The final commercial network to present at TCA did so Monday, and FX had a lot to say, with panels for a whopping nine shows (yours truly won’t be able to cover them all here, so here’s the selected stuff:)
- Exec session: John Landgraf took the stage and talked about where his network stood – and it was looking good – FX was nominated for 45 Emmy Awards – the most of any basic cable network. Landgraf even had to jokingly apologize to critics to contributing “too much good TV”.
Much like Showtime chief David Nevins, Landgraf talked about the FX brand taking risks, pushing against the confines of storytelling. “We’d rather fail spectacularly and nobly than succeed in a quiet, middling way”, he said. Landgraf also previewed the fourth season of American Horror story, and talked about the failure of W. Kamau Bell’s late-night talk show, one of two African-American late-night hosts who lost shows the past year (the other was Arsenio Hall, whose show premiered days after Bell’s was expanded to a late-night strip.)
Landgraf also announced renewal for Louie and for Fargo, but the latter’s next season won’t be until fall 2015.
- The finale for Sons Of Anarchy still hasn’t been written, so even the creator of the show (Kurt Sutter) doesn’t know how it’ll end, so stop asking him. But you ask about if he cares if the series gets an Emmy (which it never did.). Sutter’s response: “I don’t give a shit.” Big changes are in store, with Ron Pearlman gone (character was killed off) and Jax Teller (Charlie Hunnam) ascending to the leadership of Sons Of Anarchy. The final season premieres Sept. 9.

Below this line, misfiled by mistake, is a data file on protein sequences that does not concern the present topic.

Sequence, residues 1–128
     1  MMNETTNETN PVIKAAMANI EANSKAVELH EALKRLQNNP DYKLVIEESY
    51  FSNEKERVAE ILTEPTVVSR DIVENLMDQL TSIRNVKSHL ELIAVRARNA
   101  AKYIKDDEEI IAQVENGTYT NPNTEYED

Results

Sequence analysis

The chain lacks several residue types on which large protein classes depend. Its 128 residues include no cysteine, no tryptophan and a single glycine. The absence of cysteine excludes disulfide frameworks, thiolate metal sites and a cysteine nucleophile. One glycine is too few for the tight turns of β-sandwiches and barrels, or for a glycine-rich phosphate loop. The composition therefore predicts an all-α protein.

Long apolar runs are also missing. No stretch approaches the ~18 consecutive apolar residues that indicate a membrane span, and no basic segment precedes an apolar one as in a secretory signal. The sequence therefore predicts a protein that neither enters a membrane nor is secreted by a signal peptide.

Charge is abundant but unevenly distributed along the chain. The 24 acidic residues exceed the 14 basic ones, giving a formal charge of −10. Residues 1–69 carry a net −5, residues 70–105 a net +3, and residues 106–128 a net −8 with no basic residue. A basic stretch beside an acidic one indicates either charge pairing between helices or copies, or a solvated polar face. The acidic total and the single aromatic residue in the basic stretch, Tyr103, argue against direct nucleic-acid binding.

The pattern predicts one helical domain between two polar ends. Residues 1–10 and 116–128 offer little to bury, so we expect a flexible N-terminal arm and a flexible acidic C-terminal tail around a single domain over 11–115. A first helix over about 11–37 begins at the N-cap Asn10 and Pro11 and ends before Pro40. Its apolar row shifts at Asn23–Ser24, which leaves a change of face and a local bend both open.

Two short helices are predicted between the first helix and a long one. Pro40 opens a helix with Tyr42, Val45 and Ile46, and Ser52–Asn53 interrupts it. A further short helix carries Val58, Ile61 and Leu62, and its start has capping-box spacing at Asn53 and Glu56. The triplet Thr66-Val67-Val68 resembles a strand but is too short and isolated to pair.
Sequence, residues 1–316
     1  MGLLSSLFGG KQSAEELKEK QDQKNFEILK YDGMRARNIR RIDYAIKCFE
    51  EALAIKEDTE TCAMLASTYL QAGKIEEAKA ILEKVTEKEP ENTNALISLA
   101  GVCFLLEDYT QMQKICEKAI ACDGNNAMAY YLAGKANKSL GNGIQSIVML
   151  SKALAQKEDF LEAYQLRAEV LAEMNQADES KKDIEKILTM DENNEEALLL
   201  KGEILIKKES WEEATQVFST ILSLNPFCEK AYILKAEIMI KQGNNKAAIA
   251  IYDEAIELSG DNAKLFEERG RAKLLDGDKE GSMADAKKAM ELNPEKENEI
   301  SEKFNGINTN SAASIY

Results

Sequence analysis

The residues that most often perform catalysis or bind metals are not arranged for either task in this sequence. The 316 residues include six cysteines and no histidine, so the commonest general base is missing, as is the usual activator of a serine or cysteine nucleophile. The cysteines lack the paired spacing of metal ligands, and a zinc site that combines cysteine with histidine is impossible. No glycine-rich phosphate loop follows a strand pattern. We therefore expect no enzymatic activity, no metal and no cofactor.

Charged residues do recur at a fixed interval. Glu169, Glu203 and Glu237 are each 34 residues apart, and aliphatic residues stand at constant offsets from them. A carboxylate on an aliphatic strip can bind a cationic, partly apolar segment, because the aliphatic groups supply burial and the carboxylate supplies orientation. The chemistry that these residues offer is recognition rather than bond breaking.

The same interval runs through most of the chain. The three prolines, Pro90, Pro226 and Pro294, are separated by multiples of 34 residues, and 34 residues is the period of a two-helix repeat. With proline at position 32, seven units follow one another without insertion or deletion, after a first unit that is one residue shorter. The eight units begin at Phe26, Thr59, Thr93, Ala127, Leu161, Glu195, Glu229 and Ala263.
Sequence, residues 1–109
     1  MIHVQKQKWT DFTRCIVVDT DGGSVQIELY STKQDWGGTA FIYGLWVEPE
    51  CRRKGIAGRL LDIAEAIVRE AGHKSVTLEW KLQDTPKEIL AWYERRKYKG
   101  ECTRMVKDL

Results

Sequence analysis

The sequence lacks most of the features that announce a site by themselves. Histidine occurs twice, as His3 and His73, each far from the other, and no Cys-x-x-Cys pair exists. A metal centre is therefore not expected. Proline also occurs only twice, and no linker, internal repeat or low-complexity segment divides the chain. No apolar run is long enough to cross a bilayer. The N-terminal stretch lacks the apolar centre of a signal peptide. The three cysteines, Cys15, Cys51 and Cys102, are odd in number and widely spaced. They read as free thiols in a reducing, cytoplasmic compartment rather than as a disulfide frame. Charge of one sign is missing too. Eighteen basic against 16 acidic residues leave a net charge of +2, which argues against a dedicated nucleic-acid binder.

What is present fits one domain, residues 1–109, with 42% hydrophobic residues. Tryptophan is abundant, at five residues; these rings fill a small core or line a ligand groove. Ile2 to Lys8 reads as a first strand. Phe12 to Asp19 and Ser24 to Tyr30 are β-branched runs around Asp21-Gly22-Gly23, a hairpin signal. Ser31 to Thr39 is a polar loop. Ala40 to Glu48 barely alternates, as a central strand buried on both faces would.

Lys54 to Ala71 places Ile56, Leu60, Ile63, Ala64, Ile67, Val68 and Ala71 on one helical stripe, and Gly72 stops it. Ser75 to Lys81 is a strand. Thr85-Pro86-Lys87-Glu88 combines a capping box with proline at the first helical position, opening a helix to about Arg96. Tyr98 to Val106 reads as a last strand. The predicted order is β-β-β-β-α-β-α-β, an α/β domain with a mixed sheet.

- Here comes another vampire show: this one is The Strain, from co-creator Guillermo Tel Doro, and he was joined by co-creator Chuck Hogan (who also co-authored The Strain books with Del Toro) and exec prodcer/showrunner Carlton Cuse (Lost) at the panel. The premise: A government head investigates a runaway full of dead bodies at JFK airport – and it turns out the bodies are infected with vampiric worms that spreads into the populace.
As for the books, don’t assume that’s how it will go onscreen: “The way things happen and the fate of the characters is not completely determined by the books,” Cuse said. But let’s have Del Toro have the last word on vampires: “[They] are truly revolting parasites. They drink you like a Capri Sun. They don’t hold you and say, ‘Now I give you my life.’ No, they crush you and throw you away.”
- At the Fargo panel, the just-renewed show announced some major changes for season two: according to creator Noah Hawley, the series is relocating to Sioux Falls, S. D. and based in 1979, with an all-new cast. In fact, only Keith Carradine is returning for season two, only his character is now 33 and just returning home from Vietnam.
How fans would react to these changes remains to be seen – and we won’t find out until fall 2015 – that’s when Fargo returns for its second season.
- So what’s on tap for The Bridge’s second season? “If I’m going to tell a story about the U.S.-Mexican border, one which these characters warranted, I couldn’t tell that story while they were tracking a serial killer’, said EP Elwood Reid, who seems to be steering away from the serial killer plotline and onto other crimes in the area, which is close to the U.S.-Mexican border. Reid will exec produce the yet-to-be-announced season two solo, with co-exec producer Meredith Stheim departing for Showtime’s Homeland.
- Other FX panels held at TCA include Tyrant, Married and You’re The Worst, in addition to unveiling SimpsonsWorld, a new website scheduled to October where viewers can watch every Simpsons episode ever made (but needs cable authentication since it uses the TV Everywhere platform.) Beginning August 21, FXX (the new cable companion to FX) will air all 552 episodes of The Simpsons non-stop through Labor Day.
And that’s a wrap for the TCA Press Tour. See you at Comic-Con!